The first wave under Sriadza trekked southwestwards and established the Anlo state with its famous town, Keta (meaning ‘at the head of the sand’).

The Tongu moved farther west and built settlements and along the Lower Volta Basin, Tongu and Battor are identical terms meaning ‘River Dwellers’. Another group skirted the foot of the uplands to the north, penetrating the valleys and occupied parts of the hill country, throwing off colonies as they went along till they halted at Kpando and Gbi Hoboe since some Akan and Guan had already established themselves in these parts of the region. (Kpando being a derivation from Kperi-fe-do, ie” “the empty place of a man called Kperi”).

The Maste, Klo and Akovie took one direction. The Agu, Nyagbo and Awate had been immigration neigbours. The Awate, Wusu, Aveme, Tsome and Anfoe settled at Agome kpalime, thence to Kpale and Wegbe where a group of people led by Awua took the left direction and founded Awudome. The KPALIME came to settle at Vume on the mountain. However due to the cold weather, a group today called TODOME soon left to settle at Gbodome between Kpeve and their present home. The name Todome is derived from ‘Tudume’, meaning ‘the town where guns could be obtained’ because their ancestors were good fighters and had a lot of guns. While they were at Ghohome the Asante war was staged in 1869. After the war, they moved to establish their present home at Todme, 1871.

Later, another group today known as HIAMA also left Vume under their leader Asante Kokobi, and settled at Da Leme, while another group led by Adzatsu went to Nyigba (‘the land of elephants) at Da Leme. Samll –pox epidemic hit the town, so their neighbours were afraid to visit there, because “if you go there you will be lost” ( Twi : Oko a obeyera ‘ became corrupted into KAIRA). The Peki lived at Gbi Hohoe, but at the time of their departure one group delayed and became known as Opasti or Atsi me kpi, ie. “left behind” which changed  to Peki. The neighbouring Tonkor arrived from Kpando (Abanu and settled by the Amu River (Volta River), hence their name Tonkor derived from ‘To ngo’ ie. Surface of water or near the water.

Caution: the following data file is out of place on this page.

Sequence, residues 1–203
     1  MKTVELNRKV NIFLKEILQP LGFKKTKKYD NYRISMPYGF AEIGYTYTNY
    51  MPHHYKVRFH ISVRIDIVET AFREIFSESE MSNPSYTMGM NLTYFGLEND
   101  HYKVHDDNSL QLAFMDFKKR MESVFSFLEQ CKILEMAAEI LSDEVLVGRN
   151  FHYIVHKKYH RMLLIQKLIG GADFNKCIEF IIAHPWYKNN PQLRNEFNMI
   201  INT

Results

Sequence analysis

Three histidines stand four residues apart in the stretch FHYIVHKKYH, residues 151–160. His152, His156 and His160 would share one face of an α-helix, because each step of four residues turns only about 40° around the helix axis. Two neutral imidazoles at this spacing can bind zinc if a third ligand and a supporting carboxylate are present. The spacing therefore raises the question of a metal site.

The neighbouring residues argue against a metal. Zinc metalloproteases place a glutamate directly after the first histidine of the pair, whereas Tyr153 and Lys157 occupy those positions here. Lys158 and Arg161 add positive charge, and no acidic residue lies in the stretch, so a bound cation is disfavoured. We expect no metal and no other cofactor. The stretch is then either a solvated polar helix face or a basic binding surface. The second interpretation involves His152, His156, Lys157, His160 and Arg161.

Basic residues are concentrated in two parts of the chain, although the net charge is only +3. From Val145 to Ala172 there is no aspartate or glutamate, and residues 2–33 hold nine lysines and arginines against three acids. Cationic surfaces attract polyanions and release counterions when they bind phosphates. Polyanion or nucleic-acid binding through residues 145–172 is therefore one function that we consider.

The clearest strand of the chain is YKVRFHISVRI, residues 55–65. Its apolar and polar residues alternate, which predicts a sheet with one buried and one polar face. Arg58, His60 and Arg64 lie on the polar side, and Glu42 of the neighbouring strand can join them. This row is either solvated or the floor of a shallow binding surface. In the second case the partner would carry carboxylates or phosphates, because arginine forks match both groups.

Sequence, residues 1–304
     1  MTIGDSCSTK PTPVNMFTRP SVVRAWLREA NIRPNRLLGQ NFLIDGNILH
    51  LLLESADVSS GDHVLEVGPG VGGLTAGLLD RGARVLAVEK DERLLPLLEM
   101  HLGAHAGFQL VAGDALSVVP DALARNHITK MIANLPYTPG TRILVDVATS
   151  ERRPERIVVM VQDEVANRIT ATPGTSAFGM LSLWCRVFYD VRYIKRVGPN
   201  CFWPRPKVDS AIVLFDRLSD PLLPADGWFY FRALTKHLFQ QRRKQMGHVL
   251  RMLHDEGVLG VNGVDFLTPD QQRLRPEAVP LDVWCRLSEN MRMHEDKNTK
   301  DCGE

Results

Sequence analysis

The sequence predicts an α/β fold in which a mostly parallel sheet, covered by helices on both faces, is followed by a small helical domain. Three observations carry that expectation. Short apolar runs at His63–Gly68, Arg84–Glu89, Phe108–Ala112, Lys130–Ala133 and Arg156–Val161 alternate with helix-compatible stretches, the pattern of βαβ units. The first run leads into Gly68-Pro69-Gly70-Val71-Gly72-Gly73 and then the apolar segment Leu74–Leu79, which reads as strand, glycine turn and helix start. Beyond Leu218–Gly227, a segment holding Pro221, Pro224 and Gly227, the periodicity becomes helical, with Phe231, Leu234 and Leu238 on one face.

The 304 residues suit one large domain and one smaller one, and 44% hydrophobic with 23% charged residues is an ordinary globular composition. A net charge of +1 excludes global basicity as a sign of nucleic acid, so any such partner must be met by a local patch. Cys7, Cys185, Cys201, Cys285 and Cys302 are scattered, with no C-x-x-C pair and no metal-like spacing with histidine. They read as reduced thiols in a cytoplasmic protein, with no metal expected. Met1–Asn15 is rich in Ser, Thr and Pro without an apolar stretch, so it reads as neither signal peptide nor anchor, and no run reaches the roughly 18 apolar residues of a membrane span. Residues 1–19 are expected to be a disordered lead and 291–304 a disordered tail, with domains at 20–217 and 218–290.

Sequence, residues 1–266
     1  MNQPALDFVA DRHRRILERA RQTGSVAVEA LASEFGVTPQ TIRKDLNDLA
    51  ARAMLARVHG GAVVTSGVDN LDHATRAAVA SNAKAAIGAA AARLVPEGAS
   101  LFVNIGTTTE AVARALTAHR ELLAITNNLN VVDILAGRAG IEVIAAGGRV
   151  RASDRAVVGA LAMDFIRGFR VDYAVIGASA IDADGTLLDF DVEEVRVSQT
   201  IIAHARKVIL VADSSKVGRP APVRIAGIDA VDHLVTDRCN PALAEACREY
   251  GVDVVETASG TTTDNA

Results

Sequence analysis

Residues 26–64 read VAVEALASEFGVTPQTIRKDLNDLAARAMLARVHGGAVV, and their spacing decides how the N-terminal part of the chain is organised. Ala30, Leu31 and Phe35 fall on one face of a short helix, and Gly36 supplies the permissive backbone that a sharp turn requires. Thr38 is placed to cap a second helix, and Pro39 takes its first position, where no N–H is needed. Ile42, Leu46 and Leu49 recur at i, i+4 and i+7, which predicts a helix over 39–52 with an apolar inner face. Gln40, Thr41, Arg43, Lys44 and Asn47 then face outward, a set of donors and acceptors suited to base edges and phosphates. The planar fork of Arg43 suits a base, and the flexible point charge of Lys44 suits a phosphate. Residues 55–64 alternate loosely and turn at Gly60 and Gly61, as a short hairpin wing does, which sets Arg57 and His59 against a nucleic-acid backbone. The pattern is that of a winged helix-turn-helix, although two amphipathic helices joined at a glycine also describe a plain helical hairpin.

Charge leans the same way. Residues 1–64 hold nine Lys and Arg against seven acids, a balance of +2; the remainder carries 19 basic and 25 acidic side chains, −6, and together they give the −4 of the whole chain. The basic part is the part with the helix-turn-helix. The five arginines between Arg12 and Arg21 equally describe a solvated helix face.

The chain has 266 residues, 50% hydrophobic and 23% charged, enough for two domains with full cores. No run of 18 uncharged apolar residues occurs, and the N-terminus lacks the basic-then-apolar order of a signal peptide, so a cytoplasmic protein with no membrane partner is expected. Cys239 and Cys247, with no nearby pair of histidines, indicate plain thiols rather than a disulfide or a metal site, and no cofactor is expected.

The aboriginal settler at Kpalime Duga was Gyamenamponi who willingly allowed them to settle on the land. Tradition claims that Togbi Adza Yeh of Todome was the senior Head Chief of all Duga; however during a war with Akwamu, it was the Kpalime contingent which fought in the middle line, and was deeply involved in crushing the enemy so Kpalime Duga became the seat of the most Senior Chief of all Dugas seven towns to this day.

(THE EWE PIECEMEAL MIGRATION FROM NOTSIE definitely took place in the early 1720. SeeCornevin. R. ‘Journal of African Languages’ Vol 3. Pt. 3, pp 226-230. ALSO ‘Traditions from ‘The Volta Basin by E.Y Aduamah, IAS Legon, 1963 p. 2. The Tonkor Stool Clerk Kofi Asamoah Adamanka, claimed that their ancestors departed from Notsie, reaching their present home in 1723’).

 

*Source:

                 The Spectator                        Page: 31                      Saturday, June 25, 2011